Leica M10 — stripping away the superfluous.
Staying true to the roots
First of all, I am very impressed with Leica— dedication to the craft of stripping the superfluous.
The M10 is as thin as the film Leica MP. Aesthetically it looks more beautiful, it fits better in the hand, and they simplified it. Only 3 buttons in the back. They added the new ISO dial — an homage to the film rewinder of the film Leica M3-series.
I think the ISO DIAL looks cool, but in reality, it is hard to use. I had a difficult time pulling it up— had to resort to my finger nails. Whereas the film Leica MP film rewinder knob comes out easily like smooth butter— the ISO DIAL on the M10 is too stiff, too hard to pull out.
And when you pull it out, it comes out awkwardly ‘half-way’ (compared to film Leica M3/MP). And it is unnecessary that it has a red ring around it — all black would have been cooler.
I hope the next version the ISO dial will come all the way up, and will be smoother and easier to pull out.
The M10 is blazing fast. No lag or delay. Perfect for street photography.
Menu is simplified which is good. But the ‘favorites’ menu doesn’t make much sense to me. But overall, the menu is quite simple, and easy to navigate.
The dial to turn the camera on and off is perfect. Stiff enough, yet smooth enough to turn. Lovely tactile feedback.
Also no more continuous mode or self-timer in the on/off switch. Great design idea.
The M10 is the most beautiful digital camera that exists on the market.
However it still has too much branding. It would be a lot cooler if there was no ‘LEICA M10’ written on the hotshoe. We know it is an M10 because it has that new ISO DIAL.
The back of the camera, the buttons (instead of being square— round would fit the design of the camera better).
Also, the camera doesn’t need a white dot/red dot for the on/off switch.
For me, I would rather buy a used film Leica MP instead of a new digital Leica M10. The film Leica MP is still cooler— better classic design, will last your lifetime (whereas the M10 will be outdated by the M11 in 3-4 years). And digital cameras hold no value. If you want a film Leica MP, hit up my buddy Bellamy Hunt at japancamerahunter.com.
Or right now is a good time to buy a used Leica M9, or for black and white— a used Leica M8 or Leica M8.2.
I would save your $6500 on the Leica M10 and use that to travel, buy photo books, attend workshops, and to buy lots of espresso.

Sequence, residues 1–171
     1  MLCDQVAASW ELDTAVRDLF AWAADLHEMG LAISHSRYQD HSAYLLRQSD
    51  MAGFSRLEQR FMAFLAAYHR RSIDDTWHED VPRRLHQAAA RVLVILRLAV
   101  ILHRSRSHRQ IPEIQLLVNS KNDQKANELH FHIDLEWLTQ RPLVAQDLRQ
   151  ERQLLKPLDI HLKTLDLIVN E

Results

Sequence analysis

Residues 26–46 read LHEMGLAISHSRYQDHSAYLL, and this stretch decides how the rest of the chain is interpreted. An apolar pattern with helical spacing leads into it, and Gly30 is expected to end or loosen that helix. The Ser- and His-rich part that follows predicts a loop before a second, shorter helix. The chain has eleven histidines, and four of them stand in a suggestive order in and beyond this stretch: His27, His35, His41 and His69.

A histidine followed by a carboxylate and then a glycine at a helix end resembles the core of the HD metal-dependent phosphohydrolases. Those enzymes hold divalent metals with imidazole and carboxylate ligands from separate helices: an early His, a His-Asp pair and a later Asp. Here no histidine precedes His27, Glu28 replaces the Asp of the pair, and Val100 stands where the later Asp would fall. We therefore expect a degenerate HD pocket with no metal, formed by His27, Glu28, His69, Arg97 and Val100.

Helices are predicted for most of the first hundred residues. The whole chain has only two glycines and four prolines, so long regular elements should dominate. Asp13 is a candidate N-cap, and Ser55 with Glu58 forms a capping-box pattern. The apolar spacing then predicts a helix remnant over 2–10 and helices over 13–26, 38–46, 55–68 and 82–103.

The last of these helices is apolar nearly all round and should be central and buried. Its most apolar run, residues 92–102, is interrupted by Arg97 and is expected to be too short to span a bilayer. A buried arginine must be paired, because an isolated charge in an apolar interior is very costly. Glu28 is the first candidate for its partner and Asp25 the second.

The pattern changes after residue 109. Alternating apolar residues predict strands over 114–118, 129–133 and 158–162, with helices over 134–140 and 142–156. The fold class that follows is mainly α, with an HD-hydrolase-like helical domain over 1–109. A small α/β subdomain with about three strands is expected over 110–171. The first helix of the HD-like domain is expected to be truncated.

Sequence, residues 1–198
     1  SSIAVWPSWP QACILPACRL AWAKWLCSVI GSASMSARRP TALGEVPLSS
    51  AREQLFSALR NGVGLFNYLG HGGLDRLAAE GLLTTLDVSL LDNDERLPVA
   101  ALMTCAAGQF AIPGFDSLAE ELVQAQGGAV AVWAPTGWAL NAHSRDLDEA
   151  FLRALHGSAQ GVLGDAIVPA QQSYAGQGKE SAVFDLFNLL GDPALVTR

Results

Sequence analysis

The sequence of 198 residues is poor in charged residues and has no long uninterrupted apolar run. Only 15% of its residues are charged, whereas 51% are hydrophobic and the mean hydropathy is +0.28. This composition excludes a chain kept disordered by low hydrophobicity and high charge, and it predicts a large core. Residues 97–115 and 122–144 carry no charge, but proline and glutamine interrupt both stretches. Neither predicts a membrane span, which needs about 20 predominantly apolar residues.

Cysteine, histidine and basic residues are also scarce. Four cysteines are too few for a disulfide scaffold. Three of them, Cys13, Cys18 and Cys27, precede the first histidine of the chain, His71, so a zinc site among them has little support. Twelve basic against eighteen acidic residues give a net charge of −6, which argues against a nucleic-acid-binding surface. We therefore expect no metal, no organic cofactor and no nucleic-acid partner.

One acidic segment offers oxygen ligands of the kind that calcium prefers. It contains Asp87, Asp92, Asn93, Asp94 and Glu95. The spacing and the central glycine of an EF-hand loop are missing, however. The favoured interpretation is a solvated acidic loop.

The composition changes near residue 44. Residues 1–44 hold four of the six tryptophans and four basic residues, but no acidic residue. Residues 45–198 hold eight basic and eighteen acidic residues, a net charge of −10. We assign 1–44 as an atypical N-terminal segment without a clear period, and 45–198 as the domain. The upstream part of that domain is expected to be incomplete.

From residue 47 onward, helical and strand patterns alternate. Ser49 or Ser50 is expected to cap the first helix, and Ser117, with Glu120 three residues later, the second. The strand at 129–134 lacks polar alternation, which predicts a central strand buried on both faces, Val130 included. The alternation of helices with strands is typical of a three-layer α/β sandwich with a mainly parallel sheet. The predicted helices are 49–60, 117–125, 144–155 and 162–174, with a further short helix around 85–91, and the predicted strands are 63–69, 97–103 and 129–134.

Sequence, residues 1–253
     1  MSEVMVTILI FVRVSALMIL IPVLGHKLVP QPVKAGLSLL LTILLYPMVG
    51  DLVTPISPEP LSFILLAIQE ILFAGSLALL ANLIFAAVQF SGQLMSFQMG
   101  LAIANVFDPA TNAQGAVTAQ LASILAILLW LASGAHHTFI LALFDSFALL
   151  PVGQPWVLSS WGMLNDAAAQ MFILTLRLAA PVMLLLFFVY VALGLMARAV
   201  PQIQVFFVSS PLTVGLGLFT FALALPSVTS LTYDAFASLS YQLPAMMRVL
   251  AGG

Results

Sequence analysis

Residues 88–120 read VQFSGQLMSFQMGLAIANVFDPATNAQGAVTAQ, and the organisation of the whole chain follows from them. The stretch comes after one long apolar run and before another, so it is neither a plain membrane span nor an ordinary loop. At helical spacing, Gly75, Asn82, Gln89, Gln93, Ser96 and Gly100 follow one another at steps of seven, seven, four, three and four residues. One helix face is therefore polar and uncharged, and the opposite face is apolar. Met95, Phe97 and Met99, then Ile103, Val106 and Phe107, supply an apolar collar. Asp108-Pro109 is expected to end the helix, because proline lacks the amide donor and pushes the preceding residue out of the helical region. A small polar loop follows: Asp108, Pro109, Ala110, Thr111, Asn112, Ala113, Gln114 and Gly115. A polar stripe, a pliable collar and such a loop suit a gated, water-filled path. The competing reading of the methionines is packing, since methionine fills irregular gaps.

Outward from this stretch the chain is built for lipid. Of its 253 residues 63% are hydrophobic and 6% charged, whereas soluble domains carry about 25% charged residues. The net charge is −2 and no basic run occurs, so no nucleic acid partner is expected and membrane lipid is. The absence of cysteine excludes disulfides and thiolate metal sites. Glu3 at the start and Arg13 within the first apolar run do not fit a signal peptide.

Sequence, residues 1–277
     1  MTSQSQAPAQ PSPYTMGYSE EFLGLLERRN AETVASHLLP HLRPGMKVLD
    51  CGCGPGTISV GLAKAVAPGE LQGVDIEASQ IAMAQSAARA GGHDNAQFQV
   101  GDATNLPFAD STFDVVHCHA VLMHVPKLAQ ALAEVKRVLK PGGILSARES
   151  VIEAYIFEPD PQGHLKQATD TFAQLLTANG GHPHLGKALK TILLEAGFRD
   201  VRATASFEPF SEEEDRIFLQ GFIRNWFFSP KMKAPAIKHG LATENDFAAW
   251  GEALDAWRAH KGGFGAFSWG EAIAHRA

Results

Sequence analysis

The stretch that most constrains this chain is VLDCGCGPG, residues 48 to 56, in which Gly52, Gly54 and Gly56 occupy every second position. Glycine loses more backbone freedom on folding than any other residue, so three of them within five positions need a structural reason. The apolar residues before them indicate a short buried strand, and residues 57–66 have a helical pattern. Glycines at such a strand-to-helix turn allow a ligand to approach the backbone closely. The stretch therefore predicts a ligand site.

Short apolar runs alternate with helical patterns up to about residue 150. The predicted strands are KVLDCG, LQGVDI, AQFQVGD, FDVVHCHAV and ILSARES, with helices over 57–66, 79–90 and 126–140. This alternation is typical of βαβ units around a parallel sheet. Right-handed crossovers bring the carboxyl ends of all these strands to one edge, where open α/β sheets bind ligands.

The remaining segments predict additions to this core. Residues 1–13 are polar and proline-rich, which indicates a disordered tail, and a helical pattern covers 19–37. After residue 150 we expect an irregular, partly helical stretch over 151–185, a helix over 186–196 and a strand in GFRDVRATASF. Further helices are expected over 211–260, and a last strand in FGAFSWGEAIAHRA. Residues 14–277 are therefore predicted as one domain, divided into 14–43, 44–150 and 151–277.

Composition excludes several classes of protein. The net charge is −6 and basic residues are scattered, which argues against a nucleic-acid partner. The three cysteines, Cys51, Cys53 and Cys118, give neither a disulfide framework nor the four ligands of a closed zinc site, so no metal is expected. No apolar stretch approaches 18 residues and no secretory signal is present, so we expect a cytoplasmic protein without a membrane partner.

For lenses, I recommend the Voightlander 35mm f/2.5 lens, or for Leica I like the Leica Summicron 35mm f/2 ASPH — or the Leica 35mm f/2.4 is a better value.
How to shoot a Leica?
If you have a film or digital Leica, download the ebook: “LEICA MANUAL.”
Essentially— don’t shoot wide-open. Shoot at f/8, ISO 1600, and use ‘zone focusing’ (at least for street photography). Shoot wide-open if you like pretty bokeh photos of cappuccino cups.
Leica NOCTILUX 0.95 50mm
f/1.4 is for chumps— 0.95 or nothing.
The 50mm Noctilux .95 is very big and heavy, and blocks the viewfinder. Wearing the M10 and Noctilux on my neck for a day caused back pain. I wouldn’t recommend it.
The image quality at .95 is superb. Very sharp, and the craftsmanship of the lens is perfect. Solid and satisfying clicks with the aperture, and the smooth metal of the lens body is sensual to your fingers.
Owning a .95 Noctilux is essentially signaling your wealth and prestige. Kind of like wearing a Rolex Watch, or wearing a Hermes hand bag.
Realistically if you shoot with a Leica and want nice portraits, I would recommend the Leica 50mm f/2 Summicron lens. The f/1.4 Summilux is too heavy. If you have a lot of money, get the Leica 50mm f/2 APO lens — f/2 is ideal for portraits (you want more than just one eye in focus).
Better yet, if you shoot street, just get the 28mm f/2.8 Lens— probably the best value lens for street photography. Light, sharp, and ‘affordable’ by Leica standards.
If you buy the new Leica M10, you will never want another camera. All your life’s problems will be solved. You will be inspired every single day, for the rest of your life. You will not desire that new Leica M11. You won’t desire that new Leica M12. You will not desire that new Leica M13.
You will be glad you took out that loan and went $10,000 in debt to buy that new camera and lens. You won’t regret it. You won’t regret it when the value of your camera drops by 30% in two years.
Your life is short— just buy all the gear you want, and you will be happy satisfying your Leica lust.
And remember, if your photos aren’t good enough, your camera isn’t expensive enough.
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